Day 4: Consuegra
May 21 2009
In the story, the fictional character, Don Quixote believes that the windmills are truly giants and decides he is going to take them on. Sancho, his squire, tries to tell Don Quixote the giants are really windmills, but he will not believe him. He charges the windmill on his horse. The wind starts to blow and his lance breaks off in the sail of the windmill, lifting him and his horse off the ground and dropping them back down.
Seeing the windmills in person was very impressive! They are huge and magnificent. We even got the opportunity to go into one of the windmills to see its inner workings with the grindstone and all. It’s great something such as this can be preserved. It’s always nice to be able to see something in person once you have read about it. Seeing the windmills I’m not sure how Don Quixote managed to see them as giants, but it made a hilarious story for us.
We were up early for breakfast and departure. The day before, the Oklahoma State group had discovered inexpensive bottles of water at the market (1.24 Euros for a six-pack, while we were paying 2 Euros per bottle in the hotel lobby). Like camels in the desert, a band of us headed to the store only to find it closed.
“We will pray to the Spanish gods that the store will open,” I said. “The store will open!” I continued and flicked my hand as if I could really do magic. I added a dramatic sound effect-“pssshhh”- to the hand flick and Rodrick laughed at me. He laughed some more, then asked me to do the hand thing again. I repeated the gesture and the store opened. The Spanish gods had answered our prayers.
During class, Professor Simon had tried to enforce an environment that resembled the intimate communication of the Spanish lifestyle; we resisted (at least I did). That morning, our last morning in Toledo, was the commencement of our transition into very close, interpersonal communications in our group. Sam, our guide, explained that even when Spanish people hold land in the country, they prefer to be close knit and live near others in the village or in the city. We had banded around a water supply.
We filed onto the bus and travelled to Consuegra. Consuegra is the home of Los Molinos of La Mancha, the traditional windmills of La Mancha. The windmills were used until the 1980’s to grind grain. There were 13 windmills, but currently there are only 12; each is individually named. Here you can see the windmill Caballero del verde gabán (Gentleman or Knight of the green overcoat).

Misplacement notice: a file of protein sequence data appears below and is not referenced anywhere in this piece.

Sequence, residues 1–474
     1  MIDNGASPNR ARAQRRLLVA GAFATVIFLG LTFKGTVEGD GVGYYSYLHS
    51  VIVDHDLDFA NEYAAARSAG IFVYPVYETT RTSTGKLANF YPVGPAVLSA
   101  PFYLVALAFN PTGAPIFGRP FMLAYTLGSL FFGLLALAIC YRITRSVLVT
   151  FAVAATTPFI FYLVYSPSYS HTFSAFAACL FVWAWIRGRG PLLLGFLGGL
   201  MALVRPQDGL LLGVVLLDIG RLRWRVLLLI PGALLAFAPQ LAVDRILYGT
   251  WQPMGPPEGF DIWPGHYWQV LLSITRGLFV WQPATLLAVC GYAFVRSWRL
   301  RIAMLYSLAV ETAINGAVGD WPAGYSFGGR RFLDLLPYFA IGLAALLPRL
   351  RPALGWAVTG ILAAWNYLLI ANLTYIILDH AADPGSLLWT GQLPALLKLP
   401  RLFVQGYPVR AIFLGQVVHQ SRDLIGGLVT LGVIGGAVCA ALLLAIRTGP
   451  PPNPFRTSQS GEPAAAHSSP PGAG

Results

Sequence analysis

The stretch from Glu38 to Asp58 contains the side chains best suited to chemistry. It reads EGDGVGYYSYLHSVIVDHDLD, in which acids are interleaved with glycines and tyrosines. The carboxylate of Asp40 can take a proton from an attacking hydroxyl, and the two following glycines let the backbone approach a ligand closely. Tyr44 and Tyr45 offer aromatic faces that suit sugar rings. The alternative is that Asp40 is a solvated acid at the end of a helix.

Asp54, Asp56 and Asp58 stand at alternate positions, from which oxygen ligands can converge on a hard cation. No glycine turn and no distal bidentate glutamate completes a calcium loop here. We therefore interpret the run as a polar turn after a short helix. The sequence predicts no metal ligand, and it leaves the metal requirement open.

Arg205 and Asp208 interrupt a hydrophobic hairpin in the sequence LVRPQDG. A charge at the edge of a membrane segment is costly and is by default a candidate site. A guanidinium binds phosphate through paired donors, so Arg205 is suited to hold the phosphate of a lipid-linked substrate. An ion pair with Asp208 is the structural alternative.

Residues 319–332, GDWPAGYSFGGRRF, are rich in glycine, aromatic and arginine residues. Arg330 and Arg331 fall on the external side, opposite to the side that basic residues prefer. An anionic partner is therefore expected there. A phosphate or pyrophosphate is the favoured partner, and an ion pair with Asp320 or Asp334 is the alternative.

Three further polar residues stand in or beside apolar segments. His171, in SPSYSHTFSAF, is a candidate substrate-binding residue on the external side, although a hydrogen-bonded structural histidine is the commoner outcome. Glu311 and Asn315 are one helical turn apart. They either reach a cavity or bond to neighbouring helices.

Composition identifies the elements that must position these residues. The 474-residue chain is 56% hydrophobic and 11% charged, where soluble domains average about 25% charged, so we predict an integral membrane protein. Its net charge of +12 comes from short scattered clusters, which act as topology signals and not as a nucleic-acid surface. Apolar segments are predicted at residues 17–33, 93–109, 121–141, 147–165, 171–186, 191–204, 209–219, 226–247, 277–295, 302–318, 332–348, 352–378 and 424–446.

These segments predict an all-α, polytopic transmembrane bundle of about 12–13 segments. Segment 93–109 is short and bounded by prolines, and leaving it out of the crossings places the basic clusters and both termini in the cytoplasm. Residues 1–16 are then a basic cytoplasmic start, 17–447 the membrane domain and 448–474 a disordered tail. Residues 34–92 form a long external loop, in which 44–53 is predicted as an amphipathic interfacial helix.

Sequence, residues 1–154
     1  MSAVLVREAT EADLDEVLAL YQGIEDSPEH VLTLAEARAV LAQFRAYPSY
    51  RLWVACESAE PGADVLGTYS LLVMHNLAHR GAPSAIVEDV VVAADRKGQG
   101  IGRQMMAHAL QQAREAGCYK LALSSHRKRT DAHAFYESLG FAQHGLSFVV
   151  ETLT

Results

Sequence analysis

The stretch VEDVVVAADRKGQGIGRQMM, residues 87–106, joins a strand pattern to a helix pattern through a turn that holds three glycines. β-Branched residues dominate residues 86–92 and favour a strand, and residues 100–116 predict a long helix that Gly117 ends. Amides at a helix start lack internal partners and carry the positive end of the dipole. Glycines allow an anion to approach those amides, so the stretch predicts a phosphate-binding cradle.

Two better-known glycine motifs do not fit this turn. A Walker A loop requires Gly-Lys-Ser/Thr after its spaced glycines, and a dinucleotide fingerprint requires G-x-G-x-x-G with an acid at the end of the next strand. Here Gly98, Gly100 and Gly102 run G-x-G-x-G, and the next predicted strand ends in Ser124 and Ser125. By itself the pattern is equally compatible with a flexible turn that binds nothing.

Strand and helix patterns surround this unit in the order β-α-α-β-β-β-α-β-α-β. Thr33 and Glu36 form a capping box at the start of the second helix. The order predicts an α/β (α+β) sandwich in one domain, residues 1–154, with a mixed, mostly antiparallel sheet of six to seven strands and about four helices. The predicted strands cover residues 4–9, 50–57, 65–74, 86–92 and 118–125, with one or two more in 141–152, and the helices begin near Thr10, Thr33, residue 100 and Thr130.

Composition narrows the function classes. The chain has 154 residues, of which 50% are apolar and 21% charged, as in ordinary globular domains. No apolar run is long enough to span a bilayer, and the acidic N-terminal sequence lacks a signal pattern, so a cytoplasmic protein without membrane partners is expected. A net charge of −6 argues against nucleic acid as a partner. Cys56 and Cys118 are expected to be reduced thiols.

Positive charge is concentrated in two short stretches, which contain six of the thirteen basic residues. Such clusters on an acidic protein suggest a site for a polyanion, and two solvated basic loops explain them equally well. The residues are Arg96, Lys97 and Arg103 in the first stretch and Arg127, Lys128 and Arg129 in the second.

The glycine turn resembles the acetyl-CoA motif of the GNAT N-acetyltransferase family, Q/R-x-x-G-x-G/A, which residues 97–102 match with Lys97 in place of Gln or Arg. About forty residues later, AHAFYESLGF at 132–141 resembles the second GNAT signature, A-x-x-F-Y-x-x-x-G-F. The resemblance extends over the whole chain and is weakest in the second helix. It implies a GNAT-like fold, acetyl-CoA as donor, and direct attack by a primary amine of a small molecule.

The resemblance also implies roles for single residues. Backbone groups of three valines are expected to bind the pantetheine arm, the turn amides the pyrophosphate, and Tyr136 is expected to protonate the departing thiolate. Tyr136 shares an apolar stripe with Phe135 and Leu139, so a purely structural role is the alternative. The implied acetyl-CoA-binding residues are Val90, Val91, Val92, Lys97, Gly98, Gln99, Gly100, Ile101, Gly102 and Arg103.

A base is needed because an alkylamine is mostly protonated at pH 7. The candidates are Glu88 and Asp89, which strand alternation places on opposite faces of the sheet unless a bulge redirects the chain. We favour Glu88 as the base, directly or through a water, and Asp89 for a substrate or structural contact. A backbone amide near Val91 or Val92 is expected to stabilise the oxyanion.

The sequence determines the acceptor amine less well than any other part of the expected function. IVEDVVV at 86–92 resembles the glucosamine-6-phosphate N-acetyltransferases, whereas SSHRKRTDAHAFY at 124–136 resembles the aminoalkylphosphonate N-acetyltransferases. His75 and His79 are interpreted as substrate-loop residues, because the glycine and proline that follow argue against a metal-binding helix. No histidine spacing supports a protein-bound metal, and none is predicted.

The fortress (Castle of Consuegra) is double-walled and originated in the early part of the Reconquest (when regions of Spain were taken back from the Moors). It was destroyed during the Peninsular War.
Sam passed out samples of Manchego cheese (cheese from Mancha). It is a mild goat cheese that is aged for at least 3 months. It is not as salty as Feta.
Time for lunch and we headed to La Venta del Quijote (The Inn of Quixote) in Puerto Lápice. I helped Kevin order lunch at the window, and then wandered around. Note to readers: I don’t usually eat breakfast, but I ate huge breakfasts every morning to have enough energy to trek across the peninsula.
As we travel on the bus to Granada, we pass by lots of olive trees. The trees dot the landscape as far as the eye can see. Usually machines are used to shake the olives out of the trees during harvest, but when the trees are on the precarious side of hills and mountains workers and family members harvest the olives. Roman Spain was a major producer of wine, olives, and wheat. Along with cheese, these were the staples of the diet of Hispania.
The bull road signs of Spain are unofficial symbols of Spain. They were originally advertisements for Osborne Sherry. When it was illegal to advertise alcohol on the signs, the bulls were painted completely black. There are 89 bull signs remaining throughout Spain. I was never able to catch a photo of the notorious Toro. There will be a small, green, mosaic bull hiding on Professor Simon’s door for the next academic year.
We have dinner in the hotel next door. The line for the dinner buffet is long, so we are standing for a while. Two ladies cut in front of us then they change their minds and go to the very front of the line. There are two Frenchwomen in line behind me. Scarlett pipes up with “Dorotha, don’t you speak French?” I was on the spot, so I spent the next 15 minutes speaking French in Spain. The French word for summer eluded me (I was studying my Spanish vocabulary in my free time on the bus rides). I suspect that I will forget all of my French this summer.In the evening, we took a night tour of the Albaicín, the old Moorish quarter on the side of the hill of Granada. We walked up to the Mirador de San Nicolás for night photos of the Alhambra across the River Valley. (I had forgotten my camera so I had to beg a photo from Patrick.) The Albaicín has the Sacromonte district (Sacred Mountain). The Sacromonte features caves built on top of Roman catacombs. The caves were used by the gypsies until flooding forced them to relocate; now they are used mainly for tourism. We attended a zambra (gypsy flamenco dance) in La Rocío cave. Rachel and Rodrick danced from our group, but I think the star dancer of the night was Conner Mahan from Oklahoma State University. Perhaps Conner was a gypsy in a past life???
The zambra is spontaneous, unlike traditional flamenco dancing. The setting is intimate. We sat in a row along the walls of the cave with the dancers in front of us. We were so close that my hand was on Scarlett’s shoulder, two seats down. Granada’s Federico García Lorca, poet and dramatist, was inspired by the flamenco to write his Gypsy Ballads in 1928. It is difficult to ignore the emotions that the flamenco of Andalusia conjures.